train


From The Collaborative International Dictionary of English v.0.48:

Accommodation \Ac*com`mo*da"tion\, n. [L. accommodatio, fr.
   accommodare: cf. F. accommodation.]
   [1913 Webster]
   1. The act of fitting or adapting, or the state of being
      fitted or adapted; adaptation; adjustment; -- followed by
      to. "The organization of the body with accommodation to
      its functions." --Sir M. Hale.
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   2. Willingness to accommodate; obligingness.
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   3. Whatever supplies a want or affords ease, refreshment, or
      convenience; anything furnished which is desired or
      needful; -- often in the plural; as, the accommodations --
      that is, lodgings and food -- at an inn.    --Sir W.
                                                  Scott.
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   4. An adjustment of differences; state of agreement;
      reconciliation; settlement. "To come to terms of
      accommodation." --Macaulay.
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   5. The application of a writer's language, on the ground of
      analogy, to something not originally referred to or
      intended.
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            Many of those quotations from the Old Testament were
            probably intended as nothing more than
            accommodations.                       --Paley.
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   6. (Com.)
      (a) A loan of money.
      (b) An accommodation bill or note.
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   Accommodation bill, or note (Com.), a bill of exchange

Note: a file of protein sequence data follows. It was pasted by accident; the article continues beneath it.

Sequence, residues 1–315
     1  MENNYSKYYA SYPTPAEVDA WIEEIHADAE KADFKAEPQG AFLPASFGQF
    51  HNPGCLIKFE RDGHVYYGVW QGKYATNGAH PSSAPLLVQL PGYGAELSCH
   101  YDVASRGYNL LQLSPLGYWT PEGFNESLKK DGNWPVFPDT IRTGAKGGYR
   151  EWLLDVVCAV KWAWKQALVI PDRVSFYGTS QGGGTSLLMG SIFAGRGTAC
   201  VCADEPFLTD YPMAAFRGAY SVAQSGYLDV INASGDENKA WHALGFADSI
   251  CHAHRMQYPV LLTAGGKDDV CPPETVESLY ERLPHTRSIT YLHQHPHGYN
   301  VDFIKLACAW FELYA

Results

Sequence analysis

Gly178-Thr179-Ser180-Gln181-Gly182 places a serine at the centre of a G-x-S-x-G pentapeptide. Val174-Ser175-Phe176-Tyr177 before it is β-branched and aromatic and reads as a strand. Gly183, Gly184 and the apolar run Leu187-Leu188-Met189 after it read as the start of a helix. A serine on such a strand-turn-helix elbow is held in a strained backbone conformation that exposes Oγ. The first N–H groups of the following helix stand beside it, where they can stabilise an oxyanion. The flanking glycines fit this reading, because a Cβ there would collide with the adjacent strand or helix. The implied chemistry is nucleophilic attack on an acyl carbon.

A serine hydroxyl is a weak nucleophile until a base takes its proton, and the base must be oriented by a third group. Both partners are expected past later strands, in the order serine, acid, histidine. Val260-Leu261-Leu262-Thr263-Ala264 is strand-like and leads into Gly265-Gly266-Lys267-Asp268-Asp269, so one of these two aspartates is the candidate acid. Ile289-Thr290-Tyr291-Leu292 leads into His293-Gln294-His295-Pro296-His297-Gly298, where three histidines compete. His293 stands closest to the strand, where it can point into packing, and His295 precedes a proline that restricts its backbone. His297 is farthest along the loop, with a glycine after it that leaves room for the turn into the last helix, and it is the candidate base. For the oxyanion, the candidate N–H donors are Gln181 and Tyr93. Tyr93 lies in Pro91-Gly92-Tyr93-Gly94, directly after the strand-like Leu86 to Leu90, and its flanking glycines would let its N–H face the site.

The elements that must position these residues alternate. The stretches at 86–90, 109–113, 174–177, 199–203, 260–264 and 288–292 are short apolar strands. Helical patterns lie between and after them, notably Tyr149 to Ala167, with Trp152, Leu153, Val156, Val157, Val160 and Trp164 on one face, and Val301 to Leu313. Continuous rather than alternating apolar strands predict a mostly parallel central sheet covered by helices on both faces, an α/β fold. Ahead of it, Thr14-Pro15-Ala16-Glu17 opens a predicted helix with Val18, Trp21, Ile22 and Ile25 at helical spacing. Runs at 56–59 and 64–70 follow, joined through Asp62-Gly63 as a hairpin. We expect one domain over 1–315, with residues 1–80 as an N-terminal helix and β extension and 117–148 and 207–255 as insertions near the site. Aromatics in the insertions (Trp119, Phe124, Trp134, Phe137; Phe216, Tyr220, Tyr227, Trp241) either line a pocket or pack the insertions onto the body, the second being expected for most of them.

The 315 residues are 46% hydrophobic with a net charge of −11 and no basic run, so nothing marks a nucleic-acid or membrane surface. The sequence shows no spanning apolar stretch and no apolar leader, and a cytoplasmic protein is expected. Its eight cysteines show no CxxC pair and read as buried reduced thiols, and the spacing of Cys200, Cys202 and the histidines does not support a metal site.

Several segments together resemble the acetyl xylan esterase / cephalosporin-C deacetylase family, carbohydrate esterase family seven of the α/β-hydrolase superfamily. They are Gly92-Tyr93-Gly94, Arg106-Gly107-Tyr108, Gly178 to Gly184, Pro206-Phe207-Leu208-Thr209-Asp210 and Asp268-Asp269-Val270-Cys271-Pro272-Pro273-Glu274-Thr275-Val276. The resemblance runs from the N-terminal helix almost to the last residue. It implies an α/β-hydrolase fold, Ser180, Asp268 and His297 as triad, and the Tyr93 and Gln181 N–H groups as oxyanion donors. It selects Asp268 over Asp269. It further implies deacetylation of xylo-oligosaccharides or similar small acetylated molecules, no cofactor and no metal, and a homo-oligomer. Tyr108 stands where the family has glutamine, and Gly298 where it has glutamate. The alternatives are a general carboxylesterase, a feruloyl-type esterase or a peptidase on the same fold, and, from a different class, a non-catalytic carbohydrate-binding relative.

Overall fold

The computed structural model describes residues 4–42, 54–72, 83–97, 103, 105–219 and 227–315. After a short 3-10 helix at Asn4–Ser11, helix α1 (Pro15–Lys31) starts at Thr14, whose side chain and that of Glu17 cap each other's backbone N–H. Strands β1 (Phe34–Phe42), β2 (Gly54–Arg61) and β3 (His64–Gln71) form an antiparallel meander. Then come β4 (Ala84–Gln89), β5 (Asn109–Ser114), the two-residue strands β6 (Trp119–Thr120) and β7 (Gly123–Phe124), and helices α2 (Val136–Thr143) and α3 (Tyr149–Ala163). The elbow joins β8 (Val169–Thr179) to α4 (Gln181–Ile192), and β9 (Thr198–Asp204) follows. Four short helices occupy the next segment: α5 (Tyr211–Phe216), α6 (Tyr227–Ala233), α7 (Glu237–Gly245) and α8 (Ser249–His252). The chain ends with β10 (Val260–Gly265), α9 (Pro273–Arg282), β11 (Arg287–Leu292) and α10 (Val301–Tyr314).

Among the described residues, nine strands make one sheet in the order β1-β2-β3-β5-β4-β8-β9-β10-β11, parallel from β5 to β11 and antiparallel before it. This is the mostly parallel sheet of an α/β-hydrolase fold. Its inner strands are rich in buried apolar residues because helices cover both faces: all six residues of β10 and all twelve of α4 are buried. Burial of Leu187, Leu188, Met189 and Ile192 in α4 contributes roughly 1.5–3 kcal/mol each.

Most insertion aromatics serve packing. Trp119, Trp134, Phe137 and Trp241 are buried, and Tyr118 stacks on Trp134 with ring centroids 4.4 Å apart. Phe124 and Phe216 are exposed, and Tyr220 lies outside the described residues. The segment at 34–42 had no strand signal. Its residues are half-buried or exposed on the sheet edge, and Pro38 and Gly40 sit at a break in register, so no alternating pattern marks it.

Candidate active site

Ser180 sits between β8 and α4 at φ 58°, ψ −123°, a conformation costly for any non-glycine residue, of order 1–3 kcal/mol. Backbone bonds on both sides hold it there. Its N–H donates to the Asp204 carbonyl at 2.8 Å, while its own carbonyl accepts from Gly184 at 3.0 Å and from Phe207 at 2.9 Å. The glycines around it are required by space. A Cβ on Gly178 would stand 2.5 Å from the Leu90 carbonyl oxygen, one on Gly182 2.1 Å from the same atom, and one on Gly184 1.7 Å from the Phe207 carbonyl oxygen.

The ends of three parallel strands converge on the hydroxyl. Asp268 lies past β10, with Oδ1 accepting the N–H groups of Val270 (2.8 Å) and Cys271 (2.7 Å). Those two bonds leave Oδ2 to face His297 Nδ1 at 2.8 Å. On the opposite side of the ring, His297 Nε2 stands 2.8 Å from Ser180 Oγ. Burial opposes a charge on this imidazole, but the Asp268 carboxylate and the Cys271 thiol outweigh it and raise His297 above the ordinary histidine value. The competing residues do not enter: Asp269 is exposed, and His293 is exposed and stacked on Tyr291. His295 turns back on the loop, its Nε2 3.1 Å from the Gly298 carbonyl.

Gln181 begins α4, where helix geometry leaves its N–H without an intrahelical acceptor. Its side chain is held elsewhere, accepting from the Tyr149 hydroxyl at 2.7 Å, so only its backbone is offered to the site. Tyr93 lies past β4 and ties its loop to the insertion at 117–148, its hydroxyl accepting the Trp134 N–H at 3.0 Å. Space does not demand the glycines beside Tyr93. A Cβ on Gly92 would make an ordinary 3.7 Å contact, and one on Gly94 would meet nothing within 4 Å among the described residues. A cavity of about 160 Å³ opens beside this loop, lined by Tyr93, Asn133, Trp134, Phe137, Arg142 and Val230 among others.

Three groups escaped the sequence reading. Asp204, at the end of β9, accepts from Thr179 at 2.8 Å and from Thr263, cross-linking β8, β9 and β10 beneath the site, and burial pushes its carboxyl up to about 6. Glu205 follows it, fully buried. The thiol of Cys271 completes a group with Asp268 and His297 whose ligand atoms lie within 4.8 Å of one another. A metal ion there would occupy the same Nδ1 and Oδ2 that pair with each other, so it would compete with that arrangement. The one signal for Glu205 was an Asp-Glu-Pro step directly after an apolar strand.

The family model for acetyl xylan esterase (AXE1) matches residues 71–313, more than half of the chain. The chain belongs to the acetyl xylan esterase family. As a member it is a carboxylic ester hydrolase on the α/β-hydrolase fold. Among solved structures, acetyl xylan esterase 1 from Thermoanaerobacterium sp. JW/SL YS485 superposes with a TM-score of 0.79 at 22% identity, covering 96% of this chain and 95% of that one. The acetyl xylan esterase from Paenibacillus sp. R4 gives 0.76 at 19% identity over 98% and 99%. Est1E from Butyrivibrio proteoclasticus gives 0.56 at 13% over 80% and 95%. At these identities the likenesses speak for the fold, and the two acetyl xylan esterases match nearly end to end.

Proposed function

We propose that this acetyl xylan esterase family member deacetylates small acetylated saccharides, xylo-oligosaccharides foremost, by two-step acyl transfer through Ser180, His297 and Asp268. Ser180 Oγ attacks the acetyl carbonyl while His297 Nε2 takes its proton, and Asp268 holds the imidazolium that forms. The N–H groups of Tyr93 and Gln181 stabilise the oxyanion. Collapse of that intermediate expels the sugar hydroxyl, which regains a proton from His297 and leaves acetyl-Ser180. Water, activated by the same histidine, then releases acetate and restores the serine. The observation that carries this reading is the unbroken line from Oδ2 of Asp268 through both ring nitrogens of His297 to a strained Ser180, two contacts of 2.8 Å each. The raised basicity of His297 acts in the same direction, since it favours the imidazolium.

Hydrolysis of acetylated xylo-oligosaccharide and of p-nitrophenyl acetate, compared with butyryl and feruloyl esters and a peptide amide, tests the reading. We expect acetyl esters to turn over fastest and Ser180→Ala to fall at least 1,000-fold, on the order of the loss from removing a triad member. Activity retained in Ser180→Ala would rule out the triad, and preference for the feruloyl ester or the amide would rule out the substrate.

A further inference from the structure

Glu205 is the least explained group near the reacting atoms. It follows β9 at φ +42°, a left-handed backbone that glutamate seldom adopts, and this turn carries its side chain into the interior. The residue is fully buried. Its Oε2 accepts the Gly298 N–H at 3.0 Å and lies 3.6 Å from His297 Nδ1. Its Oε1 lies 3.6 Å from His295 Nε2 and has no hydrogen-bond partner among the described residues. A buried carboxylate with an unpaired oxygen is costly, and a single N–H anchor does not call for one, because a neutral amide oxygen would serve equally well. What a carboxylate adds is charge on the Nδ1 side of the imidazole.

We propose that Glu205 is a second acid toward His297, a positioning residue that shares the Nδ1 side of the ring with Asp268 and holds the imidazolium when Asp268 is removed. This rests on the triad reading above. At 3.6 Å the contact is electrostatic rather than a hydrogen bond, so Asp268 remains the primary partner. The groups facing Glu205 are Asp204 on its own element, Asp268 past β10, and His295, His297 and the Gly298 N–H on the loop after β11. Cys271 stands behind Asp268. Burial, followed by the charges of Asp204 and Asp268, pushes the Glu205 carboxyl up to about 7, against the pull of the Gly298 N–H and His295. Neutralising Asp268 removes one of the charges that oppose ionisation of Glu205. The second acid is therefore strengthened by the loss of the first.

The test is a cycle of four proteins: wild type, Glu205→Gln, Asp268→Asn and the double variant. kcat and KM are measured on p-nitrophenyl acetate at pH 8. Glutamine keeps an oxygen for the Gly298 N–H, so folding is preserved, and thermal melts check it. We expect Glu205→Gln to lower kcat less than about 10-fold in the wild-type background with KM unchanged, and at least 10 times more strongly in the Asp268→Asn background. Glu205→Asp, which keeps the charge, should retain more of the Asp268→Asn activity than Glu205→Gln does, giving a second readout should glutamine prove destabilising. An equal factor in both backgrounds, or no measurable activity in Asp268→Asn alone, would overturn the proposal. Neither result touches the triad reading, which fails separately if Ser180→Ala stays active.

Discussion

which a person accepts, or a note which a person makes and
      delivers to another, not upon a consideration received,
      but for the purpose of raising money on credit.

   Accommodation coach, or train, one running at moderate
      speed and stopping at all or nearly all stations.

   Accommodation ladder (Naut.), a light ladder hung over the
      side of a ship at the gangway, useful in ascending from,
      or descending to, small boats.
      [1913 Webster]
.

From The Collaborative International Dictionary of English v.0.48:

Train \Train\, v. t. [imp. & p. p. Trained; p. pr. & vb. n.
   Training.] [OF. trahiner, tra["i]ner,F. tra[^i]ner, LL.
   trahinare, trainare, fr. L. trahere to draw. See Trail.]
   [1913 Webster]
   1. To draw along; to trail; to drag.
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            In hollow cube
            Training his devilish enginery.       --Milton.
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   2. To draw by persuasion, artifice, or the like; to attract
      by stratagem; to entice; to allure. [Obs.]
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            If but a dozen French
            Were there in arms, they would be as a call
            To train ten thousand English to their side. --Shak.
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            O, train me not, sweet mermaid, with thy note.
                                                  --Shak.
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            This feast, I'll gage my life,
            Is but a plot to train you to your ruin. --Ford.
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   3. To teach and form by practice; to educate; to exercise; to
      discipline; as, to train the militia to the manual
      exercise; to train soldiers to the use of arms.
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            Our trained bands, which are the trustiest and most